My best advice for changing careers over the age of 50? Don’t let your age be “the” thing.
Determine if the career change would require you to start from the bottom or if your previous experience transfers over into the new role. Regardless of age, making an industry change can be difficult. An employer hiring someone making a career change later in their career can feel like they’re taking a double risk, in that the candidate may not ultimately like their career choice after the change, he or she may not have the energy or flexibility to “figure things out” and the candidate may require a higher salary compared to a less experienced (and younger) candidate.
With that being said, here are some pointers to keep in mind as you’re considering (or making) the transition:
Own your age
It’s an illegal topic for employers to bring up, but you can volunteer it if you want. Why not? If they see your picture online or meet you in person, they will know your approximate age. Owning it proudly (not shying away from the obvious) shows confidence and de-stigmatizes the age thing.
Talk to as many people in the industry as you can
Approach people at all levels to learn more about the industry. Specifically, pick up on the language used, who the key players are, and ask questions that help you understand the industry dynamics and the background and experience of the people you speak with. Not everyone will have deep experience in their current feel (they’re sort of like the future you after you switch industries). How did she do it? Find out those stories.
Leverage your network
This is especially true for anyone who works in the industry you’re trying to get into.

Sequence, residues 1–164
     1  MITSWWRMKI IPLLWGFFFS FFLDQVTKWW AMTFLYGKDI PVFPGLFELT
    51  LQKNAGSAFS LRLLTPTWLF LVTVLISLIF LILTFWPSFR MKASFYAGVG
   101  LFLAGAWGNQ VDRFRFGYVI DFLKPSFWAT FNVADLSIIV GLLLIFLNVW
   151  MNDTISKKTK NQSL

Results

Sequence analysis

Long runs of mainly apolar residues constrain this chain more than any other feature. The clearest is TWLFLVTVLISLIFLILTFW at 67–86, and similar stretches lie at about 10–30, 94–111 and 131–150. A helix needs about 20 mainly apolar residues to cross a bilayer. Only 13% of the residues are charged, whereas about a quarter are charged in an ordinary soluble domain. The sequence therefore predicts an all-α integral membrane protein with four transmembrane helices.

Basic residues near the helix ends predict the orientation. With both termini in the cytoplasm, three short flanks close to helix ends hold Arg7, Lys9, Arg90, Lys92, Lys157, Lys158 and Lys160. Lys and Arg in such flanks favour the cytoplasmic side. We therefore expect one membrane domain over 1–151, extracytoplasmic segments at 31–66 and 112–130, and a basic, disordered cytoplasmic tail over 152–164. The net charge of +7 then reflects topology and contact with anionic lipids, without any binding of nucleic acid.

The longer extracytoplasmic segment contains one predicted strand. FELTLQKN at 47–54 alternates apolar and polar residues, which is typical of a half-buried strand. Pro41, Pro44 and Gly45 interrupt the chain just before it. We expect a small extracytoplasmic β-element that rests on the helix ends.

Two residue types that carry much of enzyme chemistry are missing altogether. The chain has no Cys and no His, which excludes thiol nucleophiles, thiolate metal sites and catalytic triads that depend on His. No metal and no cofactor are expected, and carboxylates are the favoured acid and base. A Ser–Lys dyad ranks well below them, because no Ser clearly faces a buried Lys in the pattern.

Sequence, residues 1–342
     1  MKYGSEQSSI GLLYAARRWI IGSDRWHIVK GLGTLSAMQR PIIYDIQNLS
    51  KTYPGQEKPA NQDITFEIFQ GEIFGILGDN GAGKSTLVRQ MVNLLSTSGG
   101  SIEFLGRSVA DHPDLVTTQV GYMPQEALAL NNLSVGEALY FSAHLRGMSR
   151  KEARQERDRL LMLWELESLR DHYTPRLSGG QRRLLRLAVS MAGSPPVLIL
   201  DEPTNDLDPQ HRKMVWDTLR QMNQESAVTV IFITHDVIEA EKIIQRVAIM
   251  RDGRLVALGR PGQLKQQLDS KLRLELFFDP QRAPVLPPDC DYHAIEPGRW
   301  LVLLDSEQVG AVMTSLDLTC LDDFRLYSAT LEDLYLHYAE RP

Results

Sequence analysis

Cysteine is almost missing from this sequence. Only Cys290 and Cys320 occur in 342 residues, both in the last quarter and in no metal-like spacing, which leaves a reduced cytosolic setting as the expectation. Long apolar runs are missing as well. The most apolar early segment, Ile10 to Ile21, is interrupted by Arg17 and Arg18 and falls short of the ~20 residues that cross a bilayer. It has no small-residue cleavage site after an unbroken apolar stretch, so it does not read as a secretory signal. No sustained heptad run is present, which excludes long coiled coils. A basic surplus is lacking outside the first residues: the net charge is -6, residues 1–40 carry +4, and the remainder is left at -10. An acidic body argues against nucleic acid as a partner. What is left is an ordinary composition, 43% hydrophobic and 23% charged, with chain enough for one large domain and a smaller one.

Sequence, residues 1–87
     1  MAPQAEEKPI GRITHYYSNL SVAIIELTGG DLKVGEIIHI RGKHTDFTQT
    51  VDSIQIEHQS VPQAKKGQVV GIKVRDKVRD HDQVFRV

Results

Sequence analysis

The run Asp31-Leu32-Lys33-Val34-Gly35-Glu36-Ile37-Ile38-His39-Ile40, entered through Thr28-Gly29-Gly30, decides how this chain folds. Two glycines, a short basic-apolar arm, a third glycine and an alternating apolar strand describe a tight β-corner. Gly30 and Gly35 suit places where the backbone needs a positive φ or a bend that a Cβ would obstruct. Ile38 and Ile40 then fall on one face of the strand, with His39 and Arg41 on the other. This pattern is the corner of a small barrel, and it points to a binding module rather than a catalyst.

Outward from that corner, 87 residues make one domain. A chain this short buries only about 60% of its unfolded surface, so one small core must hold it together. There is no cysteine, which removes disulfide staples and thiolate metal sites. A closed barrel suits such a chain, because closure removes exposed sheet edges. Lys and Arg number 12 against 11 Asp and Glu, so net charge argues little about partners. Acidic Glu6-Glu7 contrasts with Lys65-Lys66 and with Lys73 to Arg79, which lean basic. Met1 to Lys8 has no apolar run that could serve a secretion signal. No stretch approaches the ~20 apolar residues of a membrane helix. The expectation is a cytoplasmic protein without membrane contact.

Create a great elevator pitch
Outline your experience to date, where you want to go, and your “why” that is motivating the career change. Expressing clarity of purpose will help your audience see things the way you do.
Know your skills and values
Understand what skills you have that are transferrable and talk about how you do that.
Tell people how long your career runway is
Example: “I still have a long runway and want to give a solid 10-15 years of my best experience to this company.” If you stay healthy and interested, you can work well past 65 so you have at least 15 strong years to contribute to growth.
Find out what you don’t know
Conduct informational interviews with people you know and people that they know so you can gain a better understanding of your target industry and how to compare and contrast what you’ve done with what you hope to be doing in the transition. This builds context and confidence in your future conversations and interviews. You’ll both feel and appear to others to be knowledgable and up to speed on the change you’re embarking on.
Demonstrate a willingness and comfort to try new things
Push through the unknown and be a self-starter. Tell stories that prove you can jump into a new situation, tread water and then start swimming. Changing industries means you’ll be ignorant more than you’re used to so acknowledge that to people so they can imagine you succeeding through the change.
Eli Howayeck (MBA, Kellogg School of Management), Founder and CEO of Crafted Career Concepts, is passionate about helping motivated people achieve their career, educational, or personal goals and helping businesses, large and small, overcome a variety of challenges facing their business.